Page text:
LAS VEGAS – Maxim Dadashev’s death often reminds Radzhab Butaev that this is an extremely dangerous, unforgiving vocation he has chosen.
Honoring his friend and amateur teammate’s memory also is part of what drives Butaev to demand the most stringent testing for performance-enhancing drugs before and after all of his fights. If his opponent isn’t willing to submit to random testing by the Voluntary Anti-Doping Association, Butaev won’t sign a contract.
That’s the approach that the Russian welterweight contender took before his ill-fated fight against Alexander Besputin.
His countryman beat Butaev by unanimous decision to win the then-vacant WBA world welterweight title in November 2019, but Besputin tested positive for Ligandrol after their fight, was stripped of that WBA belt and was suspended for six months. The result of their 12-round fight eventually was changed to a no-contest 10 months after they fought at Casino de Monte Carlo in Monaco.
The 27-year-old Butaev consequently will receive another shot at that WBA world title Saturday night, when he’ll challenge Jamal James for it in a “Showtime Championship Boxing” main event at Mandalay Bay’s Michelob ULTRA Arena (10 p.m. EDT; 7 p.m. PDT). Though thankful for this second chance, Butaev admits that he was furious because Besputin used a performance-enhancer before the biggest fight of Butaev’s life.
Dadashev died from brain injuries suffered during an 11th-round, technical knockout loss to Subriel Matias in July 2019, just four months before Butaev boxed Besputin. Russia’s Dadashev, 28, was a married father of a young son.
“I was very angry,” Butaev told BoxingScene.com regarding the Besputin PED ordeal. “You can see it even in the fight, you could see that I was angry. That fight also got rescheduled because we were demanding VADA testing for that fight, and they wouldn’t accept it. And then, at the end of the day, I had to pay for both sides for the VADA testing to keep going with the fight. Of course I was pissed because boxing took my friend, Max Dadashev, who died in the ring. We will never know the reason he died, but who knows what the other guy was taking? No one knows because there is not enough testing.
“That’s why for our fights we are always demanding VADA. For this fight [against James], we said there is no fight if there is no VADA testing. I think that every respectful fighter, every athlete, to be fair and square, has to go clean to respect the sport and to respect their opponents and everything. That’s why we always try to prevent [PED use]. Even though people are always finding ways to cheat, we always try to be with VADA because we really trust that they are the most respectful organization for monitoring the doping. For us, to work with them is an honor.”
The James-Butaev bout was pushed back several times, thus both boxers have been tested multiple times by VADA during the buildup toward their 12-round, 147-pound championship match. That’s fine by Minneapolis’ James, who agrees wholeheartedly with Butaev’s testing demands.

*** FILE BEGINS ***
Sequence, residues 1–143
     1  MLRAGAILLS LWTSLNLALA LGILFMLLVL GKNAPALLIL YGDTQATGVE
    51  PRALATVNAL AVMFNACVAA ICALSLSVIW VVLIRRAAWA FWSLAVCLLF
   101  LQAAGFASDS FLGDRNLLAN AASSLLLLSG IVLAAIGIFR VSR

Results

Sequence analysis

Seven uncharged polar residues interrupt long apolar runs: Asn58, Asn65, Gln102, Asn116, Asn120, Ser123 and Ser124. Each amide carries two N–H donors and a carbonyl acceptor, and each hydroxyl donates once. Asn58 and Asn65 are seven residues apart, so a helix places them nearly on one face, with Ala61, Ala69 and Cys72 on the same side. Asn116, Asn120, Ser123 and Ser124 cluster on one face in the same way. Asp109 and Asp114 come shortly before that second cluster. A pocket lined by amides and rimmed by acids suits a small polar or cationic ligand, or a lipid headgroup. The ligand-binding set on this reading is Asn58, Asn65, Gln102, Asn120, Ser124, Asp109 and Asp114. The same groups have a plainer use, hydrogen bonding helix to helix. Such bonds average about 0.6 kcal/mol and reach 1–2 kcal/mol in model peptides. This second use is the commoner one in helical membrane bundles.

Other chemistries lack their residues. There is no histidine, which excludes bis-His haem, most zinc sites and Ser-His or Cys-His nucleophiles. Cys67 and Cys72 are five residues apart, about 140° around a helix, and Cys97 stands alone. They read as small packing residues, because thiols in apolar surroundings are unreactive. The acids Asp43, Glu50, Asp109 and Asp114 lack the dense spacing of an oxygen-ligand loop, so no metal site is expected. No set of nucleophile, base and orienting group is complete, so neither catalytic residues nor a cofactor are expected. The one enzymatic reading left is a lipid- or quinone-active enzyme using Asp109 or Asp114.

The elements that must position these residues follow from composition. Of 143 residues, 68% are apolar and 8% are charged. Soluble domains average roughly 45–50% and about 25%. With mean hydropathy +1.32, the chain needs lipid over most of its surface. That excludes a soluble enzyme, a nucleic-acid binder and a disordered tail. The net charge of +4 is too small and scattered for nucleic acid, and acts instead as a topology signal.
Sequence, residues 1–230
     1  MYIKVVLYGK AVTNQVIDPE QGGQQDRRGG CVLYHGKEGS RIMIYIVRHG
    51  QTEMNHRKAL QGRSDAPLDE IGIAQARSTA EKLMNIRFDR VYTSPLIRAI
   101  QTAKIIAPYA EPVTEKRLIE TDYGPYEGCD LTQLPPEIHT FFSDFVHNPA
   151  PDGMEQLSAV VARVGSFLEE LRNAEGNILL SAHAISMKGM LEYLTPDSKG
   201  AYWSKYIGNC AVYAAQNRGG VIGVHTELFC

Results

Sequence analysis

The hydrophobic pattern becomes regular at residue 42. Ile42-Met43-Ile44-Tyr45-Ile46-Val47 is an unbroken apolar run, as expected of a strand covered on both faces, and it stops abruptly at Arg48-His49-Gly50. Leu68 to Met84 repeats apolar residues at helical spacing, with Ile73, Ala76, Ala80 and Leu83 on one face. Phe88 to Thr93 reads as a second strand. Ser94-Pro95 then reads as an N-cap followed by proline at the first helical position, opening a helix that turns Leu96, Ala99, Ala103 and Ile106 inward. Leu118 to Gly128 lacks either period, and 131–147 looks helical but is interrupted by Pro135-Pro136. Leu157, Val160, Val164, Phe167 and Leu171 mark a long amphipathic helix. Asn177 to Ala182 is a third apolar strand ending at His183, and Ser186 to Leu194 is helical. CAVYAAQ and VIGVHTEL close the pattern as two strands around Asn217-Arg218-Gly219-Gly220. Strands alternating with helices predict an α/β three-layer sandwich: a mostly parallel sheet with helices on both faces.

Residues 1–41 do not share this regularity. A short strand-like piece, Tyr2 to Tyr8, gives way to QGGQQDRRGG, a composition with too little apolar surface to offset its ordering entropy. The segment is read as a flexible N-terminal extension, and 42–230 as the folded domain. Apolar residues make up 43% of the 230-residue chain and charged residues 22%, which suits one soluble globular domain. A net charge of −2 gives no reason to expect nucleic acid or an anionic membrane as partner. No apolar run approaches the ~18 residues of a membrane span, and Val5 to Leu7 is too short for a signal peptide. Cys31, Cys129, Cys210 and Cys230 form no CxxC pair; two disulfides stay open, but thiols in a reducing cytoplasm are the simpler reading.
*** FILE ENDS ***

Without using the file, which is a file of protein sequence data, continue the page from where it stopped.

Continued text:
“It should be very thorough drug testing,” James said. “I think any time you’re in any type of professional sport, where big money starts getting involved, you know, people are gonna do what they can to win. And some people don’t have as much integrity as others do, unfortunately. So, obviously I don’t condone any type of drug use. I don’t take no drugs myself. I don’t mind getting drug-tested whenever VADA shows up at my door. That stuff can be very dangerous. If you’re competing against a guy who’s on drugs, it’s giving him extra abilities that these people would not have if they were just fighting you off of their regular will and skill.”
Butaev (13-0, 10 KOs, 1 NC) and James (27-1, 12 KOs) received another reminder Thursday of the extreme importance of thorough PED testing in boxing.
That’s when it was revealed that super middleweight contender Jose Uzcategui tested positive for human recombinant erythropoietin, more commonly known as EPO. The Venezuelan veteran therefore was removed from his upcoming IBF/WBC elimination match against David Benavidez, a fight Showtime was supposed to televise November 13 from Footprint Center in Phoenix.
For Butaev, catching Uzcategui was just more proof that boxing needs the most comprehensive PED testing for every fight, no matter how costly or complicated it can make matters.
“It’s a big responsibility for everyone who gets in the ring,” Butaev said. “I know that anything is possible, that things happen … I’m not saying that everyone is a cheater. But what I’m saying is it’s not a game. It’s a sport where one man hurts another and people die in the ring. With so many tragedies happening the past few years, a lot of death in the ring, you have to maintain a clean sport. I think that it’s a big responsibility for all the sanctioning bodies, the commissions and everybody to make it as clean as possible.”
Keith Idec is a senior writer/columnist for BoxingScene.com. He can be reached on Twitter @Idecboxing.